Post-Sept 11, war on terror gets harder

US soldiers in Iraq last month. American officials say that although they are confident ISIS will be defeated on its Iraq-Syria turf eventually, that will not end the overall extremist threat.
US soldiers in Iraq last month. American officials say that although they are confident ISIS will be defeated on its Iraq-Syria turf eventually, that will not end the overall extremist threat.PHOTO: REUTERS

US officials highlight rise of new enemies, including home-grown violent extremists

WASHINGTON • Fifteen years after the Sept 11 attacks, US anti-terror officials say the country is hardened against such well-developed plots but remains as vulnerable as ever to small and especially home-grown attacks.

Counter-terror operations are under huge pressure to ferret out and disrupt plots by sympathisers of the Islamic State in Iraq and Syria (ISIS) militant group and Al-Qaeda hidden by less centralised networks and new communications technologies, they say.

"Our job is getting harder," said Mr Nick Rasmussen, the powerful director of the National Counter- terrorism Centre, at a stock-taking exercise this week in Washington.

The explosion of ways in which extremists can communicate with one another, many of them via popular smartphone apps and easy access to powerful encryption, "gives them the edge" against the US intelligence community, he said.

The Sept 11 attacks gave birth to the US war on terror, which initially focused on Al-Qaeda and the Taleban. But 15 years later, the target is a different group, ISIS, which has seized territory in Syria and Iraq and shown the ability to plan and inspire home-grown attacks in Europe and the United States, smaller- scale than Sept 11 but nevertheless deadly and demoralising.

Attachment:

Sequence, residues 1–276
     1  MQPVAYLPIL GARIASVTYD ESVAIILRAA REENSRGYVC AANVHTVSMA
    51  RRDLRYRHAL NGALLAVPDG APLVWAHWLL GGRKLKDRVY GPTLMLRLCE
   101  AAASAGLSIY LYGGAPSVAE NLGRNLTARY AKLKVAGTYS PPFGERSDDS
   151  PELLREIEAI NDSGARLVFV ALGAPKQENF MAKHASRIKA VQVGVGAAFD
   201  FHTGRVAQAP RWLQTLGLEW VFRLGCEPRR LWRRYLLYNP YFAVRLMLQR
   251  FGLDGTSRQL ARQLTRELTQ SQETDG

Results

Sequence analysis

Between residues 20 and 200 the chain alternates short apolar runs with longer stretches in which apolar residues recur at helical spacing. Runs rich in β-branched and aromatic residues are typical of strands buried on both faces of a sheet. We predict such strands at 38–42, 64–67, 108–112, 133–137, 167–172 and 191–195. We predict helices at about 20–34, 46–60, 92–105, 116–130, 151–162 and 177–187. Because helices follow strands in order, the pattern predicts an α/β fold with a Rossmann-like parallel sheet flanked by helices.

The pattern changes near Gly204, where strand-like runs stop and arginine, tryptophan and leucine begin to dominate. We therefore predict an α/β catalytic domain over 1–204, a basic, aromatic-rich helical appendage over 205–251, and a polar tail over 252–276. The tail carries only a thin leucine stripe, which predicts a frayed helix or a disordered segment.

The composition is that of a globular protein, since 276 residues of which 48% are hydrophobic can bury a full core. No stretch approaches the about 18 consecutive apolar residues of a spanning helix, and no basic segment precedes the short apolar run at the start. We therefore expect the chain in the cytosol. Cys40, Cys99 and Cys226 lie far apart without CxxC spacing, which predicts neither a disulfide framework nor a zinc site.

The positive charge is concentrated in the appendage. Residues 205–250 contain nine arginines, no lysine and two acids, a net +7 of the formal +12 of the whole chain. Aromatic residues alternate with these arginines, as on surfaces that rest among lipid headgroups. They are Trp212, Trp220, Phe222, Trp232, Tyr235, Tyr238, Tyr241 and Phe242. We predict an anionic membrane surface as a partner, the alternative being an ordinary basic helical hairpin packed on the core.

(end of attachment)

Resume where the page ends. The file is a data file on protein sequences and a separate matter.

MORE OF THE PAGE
Meanwhile, Al-Qaeda still exists without former leader Osama bin Laden, with affiliates, spin-offs and rivals of both groups operating from the Philippines to West Africa, posing a more complex threat.

"The reality is that it has metastasised" from the Iraq-Syria region, said Dr Frank Cilluffo, director of the Centre for Cyber and Homeland Security at George Washington University. "The threat persists and is in some cases more complex."

A series of surprise attacks have placed "HVEs" - home-grown violent extremists - as much in the focus of intelligence agencies as threats from abroad. Among them, a 29-year-old American of Afghan descent believed to hold radical Islamic sympathies shot dead 49 people at a gay nightclub in Orlando, Florida, in June. And last December, a US-born man and his wife, both with Pakistani roots, killed 14 people at a Christmas party in San Bernardino, California.

The George Washington University Programme on Extremism counts 102 people charged in the US with offences related to ISIS, many of them lured online.

US intelligence is strained by the more than 1,000 cases of possible extremists it is following, Mr Rasmussen said. Moreover, plots are now developed and carried out much more rapidly, and in smaller networks, making it much harder for counter-terror operations to discover them.

Officials say they are confident ISIS will be defeated on its Iraq-Syria turf eventually, but that will not end the overall extremist threat. A break-up of ISIS could send hundreds of sympathisers underground around the world, lying quietly in wait for years to build new networks and plot attacks, they say.

The other big challenge, the officials say, is the weakness of European intelligence when it comes to identifying and tracking threats, which they link to still-weak cooperation between agencies in the different countries.

The core fight is in ideology, officials also say. But the US has so far made little progress in combating the propaganda that draws sympathisers to ISIS and Al-Qaeda.

AGENCE FRANCE-PRESSE

A version of this article appeared in the print edition of The Straits Times on September 10, 2016, with the headline 'Post-Sept 11, war on terror gets harder'. Print Edition | Subscribe